- Make sure your deck has a ‘plan’, but also that the plan is good. While a little bit of everything is a good thing, your deck should really fit one a few archetypes, or things you want your deck to be doing. This decision should have less to do with what you “want” to do when you build decks ‘normally’ and more to do with what your packs are telling you. Did you open up a lot of fast, aggressive creatures? Aggro might be your plan. Did you open up a lot of counterspells, creature removal, and a few larger creatures that can finish up a game? Control is probably the way to go. What do both of these things have in common? You are evaluating your deck based on ALL of the cards, not just a few (or one that you really like). It is better to have a deck full of cards that all work together than a deck with one or two REALLY good cards and a bunch of . . . “meh” to support them.
- Don’t feel like you have to use the guild you chose a pack from. If you chose Rakdos (red and black) as your guild for the prerelease, but the rest of your packs had very few playable red and black cards, that color combination might not be right for your deck. Instead, look to see which colors have the quality and quantity you will need to succeed.
- You don’t have to include every rare you open! While it can be tempting to fall back on a formula like rarity = power level, it’s more important to play with cards that can functionally win a game of magic. For example, in a Gatecrash Sealed tournament I would include a Disciple of the Old Ways (common) over an Unexpected Results (rare) almost every time. One is an aggressive creature that beats many others in combat, while the other is a sorcery that will not function better than simply drawing a card that affects the game directly.
- Don’t include cards in your deck simply because they are “on-color”. Even if your deck has a lot of powerful cards in any given color, don’t put in bad (underpowered or very little use) cards to fill in those last 2-3 slots you need to make your deck 40 cards. If you have enough good cards in a 3rd (or sometimes 4th) color, it is often better to “splash” (put in lands to support) for that color for 4-6ish strong cards. In Dragon’s Maze and other sets where you will have access to lands which tap for more than 1 color, this is particularly powerful if you have the special lands (like guildgates and the rare shocklands) to support it.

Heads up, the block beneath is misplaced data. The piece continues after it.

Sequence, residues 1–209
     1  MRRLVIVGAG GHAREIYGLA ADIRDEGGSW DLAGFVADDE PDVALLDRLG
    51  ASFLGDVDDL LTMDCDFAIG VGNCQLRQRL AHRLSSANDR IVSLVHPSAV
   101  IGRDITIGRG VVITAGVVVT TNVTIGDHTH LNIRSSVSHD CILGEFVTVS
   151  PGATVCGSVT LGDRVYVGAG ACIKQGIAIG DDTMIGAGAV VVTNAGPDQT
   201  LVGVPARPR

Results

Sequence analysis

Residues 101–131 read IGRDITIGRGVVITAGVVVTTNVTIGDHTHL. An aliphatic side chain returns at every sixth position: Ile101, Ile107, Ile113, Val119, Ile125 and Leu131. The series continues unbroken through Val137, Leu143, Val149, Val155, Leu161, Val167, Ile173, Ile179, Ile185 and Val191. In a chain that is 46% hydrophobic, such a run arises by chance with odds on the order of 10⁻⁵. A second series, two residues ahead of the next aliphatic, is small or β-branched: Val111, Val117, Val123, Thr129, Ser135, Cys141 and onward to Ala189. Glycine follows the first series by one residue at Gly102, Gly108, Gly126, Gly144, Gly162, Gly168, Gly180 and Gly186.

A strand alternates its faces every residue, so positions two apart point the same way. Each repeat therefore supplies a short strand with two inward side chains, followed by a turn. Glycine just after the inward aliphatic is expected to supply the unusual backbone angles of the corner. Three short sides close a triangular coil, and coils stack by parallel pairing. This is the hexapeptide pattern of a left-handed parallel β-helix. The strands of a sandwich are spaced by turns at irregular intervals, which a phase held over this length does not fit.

There’s certainly a lot more to say about both deck-building and playing in Sealed (and other formats), but these core basics can take you a long way. Future articles will talk about other formats, more specific strategies for formats, and Magic theory. Most importantly, future articles can discuss whatever you want to know more about, so please leave comments, feedback, and suggestions! I hope to see everyone at the Dragon’s Maze prerelease, ready to kick some butt and have a great time. Remember, the most important rule of Magic is to have fun
See you next time (but not really because I can’t see you through the computer – I’ll have to trust you’ll be there),
Lyon, Golgari Lich Lord